As fall progresses and evening temperatures drop, a warm cup of tea is a great way to relax at the end of your day. With this in mind, we have sampled and then paired a number of honey varieties with different teas. Here are some of our favorites.
When brewing the tea, use fresh water (not re-boiled) as it has more oxygen. Let the tea seep for 2 to 6 minutes, depending on the tea variety and personal tastes. Wait until the tea is cooled down to about 100 degrees before adding the honey. This will ensure that the beneficial properties of the raw honey are not degraded.
Basswood Honey with Mint Tea. Basswood honey has fruity notes, which are fortified and complemented with a strong brew of mint tea.
Orange Blossom Honey with Rooibos Tea. Rooibos tea is a dark red and robust herbal tea, with hints of citrus. These flavors work very well when paired with orange blossom honey. We recommend the Rooibos Tea with Madagascar Vanilla from Celestial Seasonings. Citrus honey also goes well with rooibos tea.
Sage with Chamomile Tea. Chamomile tea, well-known for its calming effect, is a rather mild herbal tea. For these reason, we think that sage honey is a perfect match. Sage honey is a non-assertive honey that does not overpower the mild chamomile flavors.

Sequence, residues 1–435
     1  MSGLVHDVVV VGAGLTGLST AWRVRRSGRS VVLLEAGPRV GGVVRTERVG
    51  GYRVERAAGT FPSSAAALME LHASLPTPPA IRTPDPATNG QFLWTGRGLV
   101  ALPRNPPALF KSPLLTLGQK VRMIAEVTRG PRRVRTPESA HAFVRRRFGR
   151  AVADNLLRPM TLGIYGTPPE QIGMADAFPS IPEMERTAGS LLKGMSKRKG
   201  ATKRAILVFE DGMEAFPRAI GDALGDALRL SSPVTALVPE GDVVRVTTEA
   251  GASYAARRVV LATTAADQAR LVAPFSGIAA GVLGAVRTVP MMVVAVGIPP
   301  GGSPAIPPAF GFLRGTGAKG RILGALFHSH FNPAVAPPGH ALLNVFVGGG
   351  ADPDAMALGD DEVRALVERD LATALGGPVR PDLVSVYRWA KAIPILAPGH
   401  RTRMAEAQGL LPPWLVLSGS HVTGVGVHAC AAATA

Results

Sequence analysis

Holly Honey with Jasmine Flower Tea. Jasmine tea comes from the highly fragrant flowers of the jasmine bush. These flowers are picked early in the morning, when the petals are tightly closed. Because this tea is very aromatic, it should be paired with an equally assertive floral honey such as our holly honey.
Sourwood Honey with Black Tea. This is a hard one, because there are dozens of different blends of black tea. Most of them, however, are stronger in flavor due to the longer oxidization and fermentation of the tea leaves during processing. For this reason, a stronger honey like sourwood is a good match. Thyme honey would also work well here.
Acacia Honey with White Tea. At the other end of the spectrum from black tea, you have white tea, which is made from very young tea leaves (or even unopened buds) that have been minimally processed with steaming and rapid drying. Due to its very light flavor, it should be paired with a very light honey, such as acacia.